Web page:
Guidelines to a Successful Makerspace in Educational Environments

190_0067.jpg“Makerspaces” are everywhere in educational facility discussions these days. If you’re unfamiliar, a makerspace is a space designed for students to explore and work through educational concepts via hands-on experimentation. Additionally, access to a makerspace may increase creative outputs in student projects.

Therefore, in order to be successful to improving student comprehension and retention, here are some guidelines that should be considered when implementing a makerspace in new construction or renovation:

Adjacency to “core” learning environment

If the makerspace educational environment is centralized and too remote from the main learning spaces, teachers will be forced to schedule time in the space, similar to the computer labs of the past. Unfortunately, it is impossible to schedule creativity. Makerspaces are most effective when they can directly support the learning that happens throughout a students’ day—blending projects that support concepts between classes and curriculum and can be supervised simultaneously with the usual class time. For instance, in working through a geometric problem, a student can easily walk over and mock up a 3D model of the concept immediately, thereby increasing their understanding at the time of the inspiration. If centralized and remote, the class usually must be escorted and scheduled—becoming more about “how to use equipment” instead of an exploration of ideas.

If your makerspace must be centralized and remote, it’s best to locate in a non-scheduled space that is supervised with trained staff, such as a library/media center.

K-5_Maker_classroom.jpgFollow the process

A makerspace must support the design thinking process. A sample design thinking process would look like this:

  • Discover: Identifying the problem or opportunity (presentation and discussion).
  • Research: Access to information, connections to experts worldwide.
  • Ideate: Brainstorming, creative exploration of ideas.
  • Prototyping: Quick and messy iterations of solutions. These are inexpensive materials like cardboard, construction paper, pipe cleaners, straws, glue and tape to come up with lots of rough ideas.
  • Analyze: Make informed decisions, analyze what works and what doesn’t with prototypes, collaborate with others and gain outside perspectives.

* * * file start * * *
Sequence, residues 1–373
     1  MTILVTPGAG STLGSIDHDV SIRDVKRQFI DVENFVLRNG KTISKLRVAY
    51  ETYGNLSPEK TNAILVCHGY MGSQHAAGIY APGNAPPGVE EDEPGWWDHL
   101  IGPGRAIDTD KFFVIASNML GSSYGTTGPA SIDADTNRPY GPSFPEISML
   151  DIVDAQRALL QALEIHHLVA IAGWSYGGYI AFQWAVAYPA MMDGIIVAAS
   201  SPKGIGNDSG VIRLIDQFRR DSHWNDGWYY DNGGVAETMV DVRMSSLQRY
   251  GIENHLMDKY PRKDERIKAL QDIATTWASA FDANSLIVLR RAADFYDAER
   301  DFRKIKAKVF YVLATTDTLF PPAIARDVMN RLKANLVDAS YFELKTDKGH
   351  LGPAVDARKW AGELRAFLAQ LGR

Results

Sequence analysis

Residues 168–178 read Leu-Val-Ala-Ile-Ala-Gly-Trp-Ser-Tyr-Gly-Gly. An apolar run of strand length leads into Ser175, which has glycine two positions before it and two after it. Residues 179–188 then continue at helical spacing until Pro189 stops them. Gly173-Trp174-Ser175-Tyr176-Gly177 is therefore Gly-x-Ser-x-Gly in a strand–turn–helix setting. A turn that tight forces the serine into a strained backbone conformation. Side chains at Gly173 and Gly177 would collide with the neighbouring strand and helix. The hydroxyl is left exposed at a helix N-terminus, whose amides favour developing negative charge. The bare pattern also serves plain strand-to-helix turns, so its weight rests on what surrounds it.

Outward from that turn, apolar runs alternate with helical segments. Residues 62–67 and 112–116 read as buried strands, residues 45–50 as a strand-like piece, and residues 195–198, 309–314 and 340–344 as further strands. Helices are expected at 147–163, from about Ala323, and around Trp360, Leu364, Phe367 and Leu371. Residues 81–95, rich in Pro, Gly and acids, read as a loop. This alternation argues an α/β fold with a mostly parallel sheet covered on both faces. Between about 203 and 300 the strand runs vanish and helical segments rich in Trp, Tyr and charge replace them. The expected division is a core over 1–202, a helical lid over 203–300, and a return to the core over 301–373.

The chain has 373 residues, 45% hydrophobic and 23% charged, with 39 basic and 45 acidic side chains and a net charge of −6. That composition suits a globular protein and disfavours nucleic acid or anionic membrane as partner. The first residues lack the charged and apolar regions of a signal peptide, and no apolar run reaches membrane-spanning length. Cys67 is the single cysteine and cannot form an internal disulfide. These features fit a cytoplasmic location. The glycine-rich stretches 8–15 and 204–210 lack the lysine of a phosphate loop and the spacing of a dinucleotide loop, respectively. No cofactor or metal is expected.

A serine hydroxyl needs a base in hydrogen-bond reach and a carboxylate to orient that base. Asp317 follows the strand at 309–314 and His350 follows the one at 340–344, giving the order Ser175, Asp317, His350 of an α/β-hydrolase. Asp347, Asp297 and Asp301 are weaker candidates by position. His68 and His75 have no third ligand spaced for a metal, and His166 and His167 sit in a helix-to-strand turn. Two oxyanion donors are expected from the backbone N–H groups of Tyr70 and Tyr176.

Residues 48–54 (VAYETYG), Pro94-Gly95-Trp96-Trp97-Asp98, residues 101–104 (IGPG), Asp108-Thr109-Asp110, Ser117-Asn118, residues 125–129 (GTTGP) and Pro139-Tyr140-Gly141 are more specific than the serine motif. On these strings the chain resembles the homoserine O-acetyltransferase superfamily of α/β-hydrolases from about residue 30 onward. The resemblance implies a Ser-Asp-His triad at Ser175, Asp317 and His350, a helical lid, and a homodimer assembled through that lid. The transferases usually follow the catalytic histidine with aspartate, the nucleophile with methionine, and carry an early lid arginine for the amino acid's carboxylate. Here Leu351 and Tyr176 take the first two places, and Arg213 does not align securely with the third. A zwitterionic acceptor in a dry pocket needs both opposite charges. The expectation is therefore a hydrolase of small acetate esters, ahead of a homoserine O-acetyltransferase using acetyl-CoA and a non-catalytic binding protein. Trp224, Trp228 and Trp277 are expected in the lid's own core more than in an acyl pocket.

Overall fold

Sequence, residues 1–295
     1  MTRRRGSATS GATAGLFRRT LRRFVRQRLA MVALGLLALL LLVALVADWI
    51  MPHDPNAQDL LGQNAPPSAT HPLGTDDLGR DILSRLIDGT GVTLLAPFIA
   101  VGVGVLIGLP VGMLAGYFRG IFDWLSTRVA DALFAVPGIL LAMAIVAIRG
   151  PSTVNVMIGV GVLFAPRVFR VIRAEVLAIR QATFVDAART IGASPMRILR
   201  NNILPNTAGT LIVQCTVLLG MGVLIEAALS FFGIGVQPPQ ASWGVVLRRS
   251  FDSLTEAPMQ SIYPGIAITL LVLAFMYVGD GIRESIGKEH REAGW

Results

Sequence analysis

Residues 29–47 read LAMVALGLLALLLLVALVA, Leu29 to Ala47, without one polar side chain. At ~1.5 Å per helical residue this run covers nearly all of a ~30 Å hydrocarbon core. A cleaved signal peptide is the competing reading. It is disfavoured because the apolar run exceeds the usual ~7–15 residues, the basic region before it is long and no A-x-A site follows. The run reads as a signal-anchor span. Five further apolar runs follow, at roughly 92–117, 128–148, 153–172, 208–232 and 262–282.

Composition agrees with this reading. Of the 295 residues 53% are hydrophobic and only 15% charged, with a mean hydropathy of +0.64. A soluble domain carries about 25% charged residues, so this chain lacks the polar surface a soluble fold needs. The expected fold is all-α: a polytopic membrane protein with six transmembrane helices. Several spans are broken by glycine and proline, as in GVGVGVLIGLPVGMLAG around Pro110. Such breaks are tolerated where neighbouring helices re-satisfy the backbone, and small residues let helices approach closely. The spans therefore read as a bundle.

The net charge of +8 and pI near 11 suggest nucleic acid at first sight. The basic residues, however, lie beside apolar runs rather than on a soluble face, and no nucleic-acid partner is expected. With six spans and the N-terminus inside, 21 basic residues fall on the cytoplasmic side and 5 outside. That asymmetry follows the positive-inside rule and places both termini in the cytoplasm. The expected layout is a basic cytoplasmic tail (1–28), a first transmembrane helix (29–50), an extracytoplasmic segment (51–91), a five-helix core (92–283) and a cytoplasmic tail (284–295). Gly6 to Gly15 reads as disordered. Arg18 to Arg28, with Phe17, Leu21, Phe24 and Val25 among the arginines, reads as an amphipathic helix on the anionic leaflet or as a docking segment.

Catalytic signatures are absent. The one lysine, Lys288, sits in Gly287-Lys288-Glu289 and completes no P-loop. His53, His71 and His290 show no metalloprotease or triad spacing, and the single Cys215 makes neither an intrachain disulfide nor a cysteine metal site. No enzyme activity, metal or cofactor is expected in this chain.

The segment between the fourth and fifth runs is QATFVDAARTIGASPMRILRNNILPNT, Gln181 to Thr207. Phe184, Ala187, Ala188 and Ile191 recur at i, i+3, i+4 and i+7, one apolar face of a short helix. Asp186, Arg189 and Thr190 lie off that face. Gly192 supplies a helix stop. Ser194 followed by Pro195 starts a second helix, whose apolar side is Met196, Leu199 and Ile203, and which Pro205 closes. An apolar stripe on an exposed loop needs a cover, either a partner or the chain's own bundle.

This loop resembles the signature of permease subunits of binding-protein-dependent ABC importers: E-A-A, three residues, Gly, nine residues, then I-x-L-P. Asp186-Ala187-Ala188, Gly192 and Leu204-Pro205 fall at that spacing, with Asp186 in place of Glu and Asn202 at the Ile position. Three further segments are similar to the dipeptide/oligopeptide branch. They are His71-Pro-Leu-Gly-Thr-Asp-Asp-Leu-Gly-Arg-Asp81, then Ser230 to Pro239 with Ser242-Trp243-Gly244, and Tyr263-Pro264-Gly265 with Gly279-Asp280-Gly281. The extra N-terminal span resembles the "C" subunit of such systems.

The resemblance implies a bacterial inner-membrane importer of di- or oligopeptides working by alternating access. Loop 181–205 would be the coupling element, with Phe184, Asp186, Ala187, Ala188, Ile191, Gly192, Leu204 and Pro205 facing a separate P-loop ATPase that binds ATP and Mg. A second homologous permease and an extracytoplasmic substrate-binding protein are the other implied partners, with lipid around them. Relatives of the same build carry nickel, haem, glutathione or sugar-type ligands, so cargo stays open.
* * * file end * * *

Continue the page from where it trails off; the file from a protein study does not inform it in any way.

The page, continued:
• Refine: Refine the solution based on the analysis of the prototyping cycle. Repeat as necessary and develop the solution through more refined construction (3D printing, laser cutting, CNC routing, etc.)
  • Communicate: Communicate the idea and solution effectively. Design the final product to be not only functional and possible, but desirable.

Thus, a makerspace learning environment should not just be a room with equipment in it, which would effectively be the wood shop of old. An effective makerspace should be zoned to support and guide the users through the design thinking process, with zones dedicated to research, ideation, prototyping, analysis, refinement, and communication. To effectively support creativity—a tinker space for hands-on working through ideas looks different than the refinement phase—where well-thought-out designs are being constructed and tested.

LPA_Cal_Poly_SLO_Makershop_final.jpgSmall steps to big ideas

  • Storage and tools should be visible. If you can’t see the available materials and tools, it won’t spark the idea to use them.
  • Allow for innovation. Keep furniture durable yet mobile, allowing students to reconfigure as needed for their particular project. Make everything possible a writable surface, to allow for a constant flow of ideas and team communication.
  • Create a culture of “Reset.” Clearly posting the room’s rules and where things belong, clear spaces to be kept free of any other furniture around equipment will help keep your makerspace usable for everyone.

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 Emily Koch is an Interior Designer and Project Coordinator for integrated sustainable firm LPA Inc. A LEED Accredited Professional, Koch works in educational design and has transformed outdated schools into leading-edge K-12 schools across California. She received a Bachelor of Science in Interior Design from the University of Texas, Austin School of Architecture.